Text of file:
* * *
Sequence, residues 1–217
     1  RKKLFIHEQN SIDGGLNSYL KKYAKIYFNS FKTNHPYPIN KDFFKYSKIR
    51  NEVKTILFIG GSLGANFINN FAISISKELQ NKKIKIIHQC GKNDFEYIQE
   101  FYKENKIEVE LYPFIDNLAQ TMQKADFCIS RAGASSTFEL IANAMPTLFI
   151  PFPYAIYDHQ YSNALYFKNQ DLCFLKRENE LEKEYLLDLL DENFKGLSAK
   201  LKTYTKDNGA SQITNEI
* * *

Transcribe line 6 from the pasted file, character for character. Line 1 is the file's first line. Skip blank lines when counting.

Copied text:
   201  LKTYTKDNGA SQITNEI